Tech Meets Hip-Hop and Breeds Inspiration at Tech808 Event

At the Tech808 conference, young entrepreneurs shared their advice with peers looking for success set against the backdrop of hip-hop

Tami Chambers, founder of Mastermind Maven, hosts a panel featuring Kazeem Faymuyide, founder, STASHED, and Kyle Harvey, deputy editor, Slant News Inc. Image: Black Enterprise
Tami Chambers, founder of Mastermind Maven, hosts a panel featuring Kazeem Faymuyide, founder, STASHED, and Kyle Harvey, deputy editor, Slant News Inc. Image: Black Enterprise

Style, music, business, and technology intersected at the Tech808 event held at New York University on Monday.

A largely millennial-aged audience sat, enraptured, as tech entrepreneurs close to their ages or a scant few years older, offered advice on navigating to success in the digital age, in discussion panels interspersed with the fiercest beats from hip-hop.

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Billed as “the only hip-hop inspired tech entrepreneurship conference,” Tech808 is a yearly conference, pairing hip-hop, and entrepreneurship.

Monday’s event featured some of the most well-known, and youngest, movers and shakers of color in the tech industry.

Conservatively-named panels such as “How to Become a Content Marketing Expert” contrasted with the young, on fleek panelists and moderators who led the discussions. The panels were comprised of those who found a way to gain fame and fortune (or are on a rapid trajectory toward both) via digital content: blogging, creating websites, and successfully manipulating social media; or through creating tech startups.

On the aforementioned panel was Alexandra Wolf, founder and CEO of the audaciously named BossBabe.com—a site that boasts of being a place to “netwerk” for young, female bosses.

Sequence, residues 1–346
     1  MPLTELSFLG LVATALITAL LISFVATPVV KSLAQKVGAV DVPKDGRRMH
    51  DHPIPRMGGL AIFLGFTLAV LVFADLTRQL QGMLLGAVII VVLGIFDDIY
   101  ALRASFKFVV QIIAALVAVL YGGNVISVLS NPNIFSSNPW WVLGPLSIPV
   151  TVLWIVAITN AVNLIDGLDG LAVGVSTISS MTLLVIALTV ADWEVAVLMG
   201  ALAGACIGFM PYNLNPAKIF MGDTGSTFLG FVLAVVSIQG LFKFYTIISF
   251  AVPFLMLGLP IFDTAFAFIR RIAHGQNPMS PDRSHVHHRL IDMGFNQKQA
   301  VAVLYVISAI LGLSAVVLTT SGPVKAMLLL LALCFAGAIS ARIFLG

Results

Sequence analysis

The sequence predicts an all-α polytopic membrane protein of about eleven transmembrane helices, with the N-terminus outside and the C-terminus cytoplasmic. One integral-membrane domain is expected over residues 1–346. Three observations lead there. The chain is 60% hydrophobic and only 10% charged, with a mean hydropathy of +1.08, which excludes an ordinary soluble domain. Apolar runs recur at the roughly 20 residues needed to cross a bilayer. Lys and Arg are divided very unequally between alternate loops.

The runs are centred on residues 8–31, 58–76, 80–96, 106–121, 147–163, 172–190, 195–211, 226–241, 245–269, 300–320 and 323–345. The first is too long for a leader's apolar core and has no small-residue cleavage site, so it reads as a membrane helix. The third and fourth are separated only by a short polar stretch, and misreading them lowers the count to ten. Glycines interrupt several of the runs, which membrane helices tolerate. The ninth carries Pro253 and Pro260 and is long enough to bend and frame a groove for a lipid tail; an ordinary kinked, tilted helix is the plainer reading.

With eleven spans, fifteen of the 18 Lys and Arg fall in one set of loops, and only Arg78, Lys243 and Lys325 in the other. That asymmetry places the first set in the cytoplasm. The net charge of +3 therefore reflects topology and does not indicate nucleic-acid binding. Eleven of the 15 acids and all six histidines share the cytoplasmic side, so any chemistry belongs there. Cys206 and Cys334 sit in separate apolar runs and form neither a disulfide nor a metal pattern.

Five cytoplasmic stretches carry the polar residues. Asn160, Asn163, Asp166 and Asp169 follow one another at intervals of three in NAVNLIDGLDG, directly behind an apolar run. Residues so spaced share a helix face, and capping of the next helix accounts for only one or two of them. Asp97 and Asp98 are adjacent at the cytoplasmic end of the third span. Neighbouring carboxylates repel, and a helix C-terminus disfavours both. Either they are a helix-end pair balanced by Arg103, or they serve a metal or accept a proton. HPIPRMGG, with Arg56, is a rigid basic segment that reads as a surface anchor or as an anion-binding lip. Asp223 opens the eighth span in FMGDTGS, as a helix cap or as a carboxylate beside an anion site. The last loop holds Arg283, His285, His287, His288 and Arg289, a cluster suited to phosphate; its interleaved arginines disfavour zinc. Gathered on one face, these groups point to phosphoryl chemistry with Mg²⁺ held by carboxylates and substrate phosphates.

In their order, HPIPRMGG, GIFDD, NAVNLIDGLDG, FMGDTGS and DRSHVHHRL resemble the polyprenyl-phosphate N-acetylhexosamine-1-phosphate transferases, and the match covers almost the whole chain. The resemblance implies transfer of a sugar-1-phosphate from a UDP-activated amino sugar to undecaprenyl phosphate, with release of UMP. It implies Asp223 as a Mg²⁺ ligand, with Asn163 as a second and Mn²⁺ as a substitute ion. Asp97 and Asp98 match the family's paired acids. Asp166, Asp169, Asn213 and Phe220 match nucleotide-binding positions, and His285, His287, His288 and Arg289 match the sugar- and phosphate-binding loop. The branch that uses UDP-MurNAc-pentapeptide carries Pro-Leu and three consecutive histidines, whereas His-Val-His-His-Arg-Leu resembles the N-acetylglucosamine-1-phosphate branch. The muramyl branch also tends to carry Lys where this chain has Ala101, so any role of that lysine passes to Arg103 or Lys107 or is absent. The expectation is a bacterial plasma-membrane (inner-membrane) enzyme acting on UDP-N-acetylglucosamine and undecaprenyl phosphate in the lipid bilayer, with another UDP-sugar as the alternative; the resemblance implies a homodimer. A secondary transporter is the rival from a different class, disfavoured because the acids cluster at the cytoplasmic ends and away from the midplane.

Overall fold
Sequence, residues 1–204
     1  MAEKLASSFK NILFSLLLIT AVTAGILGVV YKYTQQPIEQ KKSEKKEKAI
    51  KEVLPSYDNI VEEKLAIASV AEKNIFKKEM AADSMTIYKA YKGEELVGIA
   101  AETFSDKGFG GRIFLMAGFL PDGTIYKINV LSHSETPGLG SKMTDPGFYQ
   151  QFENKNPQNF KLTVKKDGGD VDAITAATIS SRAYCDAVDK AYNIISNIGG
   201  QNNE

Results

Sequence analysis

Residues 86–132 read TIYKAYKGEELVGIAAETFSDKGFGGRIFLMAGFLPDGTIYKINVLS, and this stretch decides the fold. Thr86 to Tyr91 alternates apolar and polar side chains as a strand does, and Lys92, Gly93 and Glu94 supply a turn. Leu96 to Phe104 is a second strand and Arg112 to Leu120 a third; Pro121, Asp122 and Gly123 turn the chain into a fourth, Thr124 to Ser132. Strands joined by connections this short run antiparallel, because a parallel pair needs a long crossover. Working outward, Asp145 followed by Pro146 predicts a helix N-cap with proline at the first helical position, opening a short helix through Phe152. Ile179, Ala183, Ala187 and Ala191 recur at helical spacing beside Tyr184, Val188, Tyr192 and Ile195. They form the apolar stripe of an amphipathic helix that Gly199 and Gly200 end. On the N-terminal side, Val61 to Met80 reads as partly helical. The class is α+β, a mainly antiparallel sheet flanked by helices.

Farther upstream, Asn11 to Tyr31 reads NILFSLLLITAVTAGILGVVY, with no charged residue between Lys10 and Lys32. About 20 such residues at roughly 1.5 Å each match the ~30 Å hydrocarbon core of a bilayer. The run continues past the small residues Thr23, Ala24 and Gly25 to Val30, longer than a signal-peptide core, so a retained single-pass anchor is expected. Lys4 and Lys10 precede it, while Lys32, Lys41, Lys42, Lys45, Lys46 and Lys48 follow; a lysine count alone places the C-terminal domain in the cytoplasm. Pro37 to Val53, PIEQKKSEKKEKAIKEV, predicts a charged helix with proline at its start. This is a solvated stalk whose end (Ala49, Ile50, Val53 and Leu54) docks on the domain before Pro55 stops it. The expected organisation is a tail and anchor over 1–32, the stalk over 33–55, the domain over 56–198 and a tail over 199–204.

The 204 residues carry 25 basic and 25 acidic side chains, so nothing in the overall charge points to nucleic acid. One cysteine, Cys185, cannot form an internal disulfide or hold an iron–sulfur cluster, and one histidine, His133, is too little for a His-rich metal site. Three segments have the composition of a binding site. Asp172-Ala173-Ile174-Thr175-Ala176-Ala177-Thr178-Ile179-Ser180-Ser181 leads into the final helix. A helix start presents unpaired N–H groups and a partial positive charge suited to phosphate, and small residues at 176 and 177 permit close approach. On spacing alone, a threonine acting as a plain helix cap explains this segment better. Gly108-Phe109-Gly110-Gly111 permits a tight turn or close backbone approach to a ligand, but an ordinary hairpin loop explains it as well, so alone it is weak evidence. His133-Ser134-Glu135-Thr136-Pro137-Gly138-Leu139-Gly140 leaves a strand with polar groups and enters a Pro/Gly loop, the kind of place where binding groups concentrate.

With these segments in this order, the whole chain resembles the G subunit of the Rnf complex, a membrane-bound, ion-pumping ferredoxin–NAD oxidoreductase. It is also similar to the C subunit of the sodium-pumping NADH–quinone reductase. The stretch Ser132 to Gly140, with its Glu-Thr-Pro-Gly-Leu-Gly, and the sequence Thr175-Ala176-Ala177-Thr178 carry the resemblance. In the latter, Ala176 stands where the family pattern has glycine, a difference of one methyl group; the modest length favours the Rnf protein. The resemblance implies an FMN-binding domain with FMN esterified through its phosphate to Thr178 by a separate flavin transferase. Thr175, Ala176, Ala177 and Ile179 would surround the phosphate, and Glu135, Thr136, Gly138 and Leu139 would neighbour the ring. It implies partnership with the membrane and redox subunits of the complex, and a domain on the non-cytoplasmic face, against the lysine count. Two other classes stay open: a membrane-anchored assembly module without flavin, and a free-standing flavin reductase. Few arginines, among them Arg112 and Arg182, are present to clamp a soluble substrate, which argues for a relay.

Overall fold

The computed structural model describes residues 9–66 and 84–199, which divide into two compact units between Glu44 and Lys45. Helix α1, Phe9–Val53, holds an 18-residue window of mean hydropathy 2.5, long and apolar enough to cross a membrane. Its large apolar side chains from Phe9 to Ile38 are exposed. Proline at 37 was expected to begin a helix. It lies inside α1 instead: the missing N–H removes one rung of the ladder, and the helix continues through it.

“No Rules”
On her thoughts about creating compelling digital content, Wolf said, “The rules are there are no rules.” She likened the current digital content culture to the Industrial Revolution, citing the lack of regulation and declaring anything online as, “It’s fair game right now.”

Moderating the panel was Aubrey Flynn, who is the vice president of all things digital for Sean “Puff Daddy, Puffy, Diddy, and P. Diddy” Combs. Flynn spoke of the need to constantly re-invent when it comes to digital content and of the importance of high energy. “The tired get fired,” he joked (sort of), at one point. He also told the audience about his boss’ work ethics.

“One day it’s ‘you did a great job,’ the next day we had to push it more,” said Flynn. He described Combs as someone who is “always pushing for innovation.”

How to Succeed in 30 Days
At “The Digital Media Starter Kit” panel, Kazeem Famuyide, founder and CEO of thestashed.com spoke about launching his site, TheStashed.com, in 30 days. He offered his advice for creating well-received online content in four points: Making sure you are a trustworthy name on the content matter; put together an amazing team; create great content (not limited to text—include video, interviews, editorials…); and trust your gut.

Famuyide also urged the audience to adopt a think-outside-the-box approach to content creation. “We were at an NBA rookie photo shoot. All of these sports writers were asking the same questions, ‘How does it feel to be drafted…?'” said Famuyide. “So we asked the rookies to sing a song.” That video he said generated some of his site’s biggest content to date.

Veteran Advice
One of the most captivating speakers was Tristan Walker; a Silicon Valley heavyweight, the founder of Walker & Company Brands (which recently received $24 million in funding, and a business veteran at age 31—at least when compared with the young audience.

Walker shared his life story which included working at Twitter in its early days, his work at Foursquare, and how he ventured into the entrepreneurial world with a career stint at Andreessen Horowitz.

He advised the audience when dealing with founders and in business, in general, to “show conviction and authenticity.” He attributed his success to a “fundamental belief that all global culture is led by American culture which is led by black culture,” an idea which the audience enthusiastically supported.

The event also featured other fascinating panel discussions as well as live music from Zeemuffin (a renowned DJ) and Divine the 4th Letter, a rapper, entrepreneur, and self-described “motivator.”



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